FIG. 10 depicts a flow chart diagram of a query methodology 1000 in accordance with an aspect of the subject invention. At reference numeral 1010, a multidimensional query is specified which involves, includes or references a fact dimension or non-specific members thereof and at least one other regular dimension. At 1020, the result set that satisfies the query is return with fact dimension members limited to the scope defined by the other members. The fact dimension does not define the scope here and only facts or fact members relevant to other selected members are returned.

The following section provides a discussion of various aspects of the subject invention through various examples. It should be appreciated that these examples are not intended to limit the scope of the invention but rather to provide context for description of aspects of the invention such as functions or roles of fact dimensions. Turning to FIG. 11, a graphical depiction of exemplary data cube 1100 is illustrated. Cube 1100 is an “Orders” cube. Cube 1100 includes two fact tables or measure groups for order 1110 and order line 1120. Additionally, each measure group includes a fact dimension, namely order fact dimension 1112 that corresponds to order measure group 1110 and order line fact dimension 1122 that corresponds to order line measure group 1120. Furthermore, the cube 1100 includes a plurality of other dimensions including employee dimension 1130, customer dimension 1140 and product dimension 1150. From the aforementioned description, it should be appreciated that queries that involve a fact dimension can be evaluated differently from queries involving regular dimensions.

Consider the following query for cube 1100:

Select [Order].[OrderId].members on 0

From [Orders]

Where [Customer].&[Marin]

In this case, if the order dimension 1112 was not recognized as a fact dimension or degenerate dimension, this query would return all members of the Order dimension on rows. However, the query would return data for only one customer. If the server or query processor recognizes the Order dimension as a fact dimension then, only orders that have any data for [Customer].&[Marin] will be returned. The query could be written in an opposite way to have the same non-empty behavior. For example:
Select [Customer][Name].members on 0
From [Orders]
Where [Order].&[123345]
Here the query processor will retrieve the customer name for the specific order.

However, one should be able to submit and receive correct results for the following type of query:

Select [Customer].&[Marin] on 0

From [Orders]

Where [Measures].[Cost]

In this query, Customer dimension 1140 is defined as referenced to Order Line measure group 1120, from which the Cost measure is coming. This is represented by the dotted line in cube 1100. The reference is defined utilizing the fact dimension order 1112 and more specifically its attributes Order id and customer id. In order to reference Employee dimension 1130, one would need to include EmpID as attribute in Order dimension 1110. The query processor can resolve this query correctly and perform an automatic non-empty. The result of such a query will be the collective cost of all orders that have been placed only by customer Marin.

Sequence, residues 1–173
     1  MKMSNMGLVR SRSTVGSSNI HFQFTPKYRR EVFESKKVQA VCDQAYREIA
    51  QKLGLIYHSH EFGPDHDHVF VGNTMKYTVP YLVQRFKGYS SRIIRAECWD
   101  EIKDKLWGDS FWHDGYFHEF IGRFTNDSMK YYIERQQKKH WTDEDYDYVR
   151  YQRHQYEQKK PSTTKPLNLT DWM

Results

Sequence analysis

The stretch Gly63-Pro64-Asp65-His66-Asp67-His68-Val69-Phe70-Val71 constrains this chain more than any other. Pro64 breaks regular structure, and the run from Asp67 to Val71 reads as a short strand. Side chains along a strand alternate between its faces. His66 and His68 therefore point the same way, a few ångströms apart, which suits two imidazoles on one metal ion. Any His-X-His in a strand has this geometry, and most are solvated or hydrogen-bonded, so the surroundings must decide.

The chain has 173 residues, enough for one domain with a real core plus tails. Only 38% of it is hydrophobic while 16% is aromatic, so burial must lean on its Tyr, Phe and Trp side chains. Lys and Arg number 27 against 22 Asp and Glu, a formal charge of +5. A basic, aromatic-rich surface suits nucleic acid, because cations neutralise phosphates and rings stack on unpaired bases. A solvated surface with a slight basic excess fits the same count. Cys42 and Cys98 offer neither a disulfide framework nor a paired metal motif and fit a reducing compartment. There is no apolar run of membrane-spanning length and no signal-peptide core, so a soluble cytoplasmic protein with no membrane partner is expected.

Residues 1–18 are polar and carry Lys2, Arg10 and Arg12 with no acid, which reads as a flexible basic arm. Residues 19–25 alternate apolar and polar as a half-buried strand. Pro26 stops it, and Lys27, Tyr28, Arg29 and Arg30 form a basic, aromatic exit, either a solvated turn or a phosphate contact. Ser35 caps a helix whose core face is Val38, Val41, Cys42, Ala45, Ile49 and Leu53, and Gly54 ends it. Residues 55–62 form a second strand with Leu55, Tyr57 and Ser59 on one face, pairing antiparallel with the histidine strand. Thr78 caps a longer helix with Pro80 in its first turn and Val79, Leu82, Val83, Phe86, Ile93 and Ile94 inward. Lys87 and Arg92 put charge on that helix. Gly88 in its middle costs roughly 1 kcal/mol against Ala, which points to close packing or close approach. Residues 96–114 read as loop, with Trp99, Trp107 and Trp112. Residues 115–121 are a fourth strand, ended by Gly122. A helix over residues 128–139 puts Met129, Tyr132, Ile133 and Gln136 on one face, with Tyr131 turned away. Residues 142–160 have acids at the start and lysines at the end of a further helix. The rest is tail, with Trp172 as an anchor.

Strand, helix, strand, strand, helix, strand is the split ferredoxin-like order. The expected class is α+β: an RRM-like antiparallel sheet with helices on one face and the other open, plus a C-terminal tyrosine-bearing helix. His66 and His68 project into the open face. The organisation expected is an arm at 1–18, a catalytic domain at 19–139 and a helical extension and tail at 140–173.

Another query could be “list of all the products with their cost purchased by Marin,” denoted as follows:

Select [Customer].& Marin on 0

From [Orders]

Where [Measures].[Cost]

The dotted line from Product dimension 1150 to Order measure group 1110 indicates that Product dimension 1150 is defined to have many-to-many relationships with Order fact dimension 1112, using order line 1120 as a many-to-many measure group. Once this relationship is defined, users or other entities are able to get answers to complex questions (for the OLAP world) such as list discounts that my customers received for [Product].[ProductName].&[PC]:

Select [Customers].[Name].members on 0,

[Product].[ProdName].&[PC] on 1

From [Orders]

Where [Measures].[Discount]

It should be noted here that since Orders 1112 is defined as a fact or degenerate dimension that the query processor will apply an automatic non-empty and will return only customers that purchased PC products.

There can also be a case where in the same cube there is a parent-child dimension and fact dimension at the same time. In cube 1100, Employee is a parent-child dimension and Order is a fact dimension. Consider the following query where there is an Employee dimension on rows and Sales measure on columns:

Select Employees.members on 0, Measures.members on 1

From Sales

The result set can look as follows:

Manager Employee Sales
Amir 8
Amir Amir* NULL
Amir Marin 5
Amir Stephen 3

The Order dimension is not participating in the query. Its default member is set to All and therefore non-special treatment will apply. Consider an example where one wants to see the same numbers when specific order is selected from the Order dimension 1112.
Select Employees.members on 0, Measures.members on 1
From Sales
Where ([Orders].[OrderID].&[22])
In this case, one can see that one specific order contributed to the sales for employee Marin ([Orders][OrderID].&[22]) and therefore to his manager as well as presented:

Manager Employee Sales
Amir 2
Amir Marin 2

Finally, consider a scenario where there is a fact dimension and null values. By way of example, consider the fact table populated as follows:

Transaction_id Product_id Time_id Sales Sales_cost
12312 12 1 431 432
34232 12 2 NULL 23
12323 43 1 23 23
23423 34 2 NULL NULL
23434 32 2 425 425

Here, Sales and Sales_cost include undefined or null values. Subsequently, a cube can be defined and built based on such a fact table. Consider the following query on such a generated cube:
Select Transactions.members on 0, Measures.Sales on 1
From Sales
Where ([Time_id].&[2])
The following result could be returned: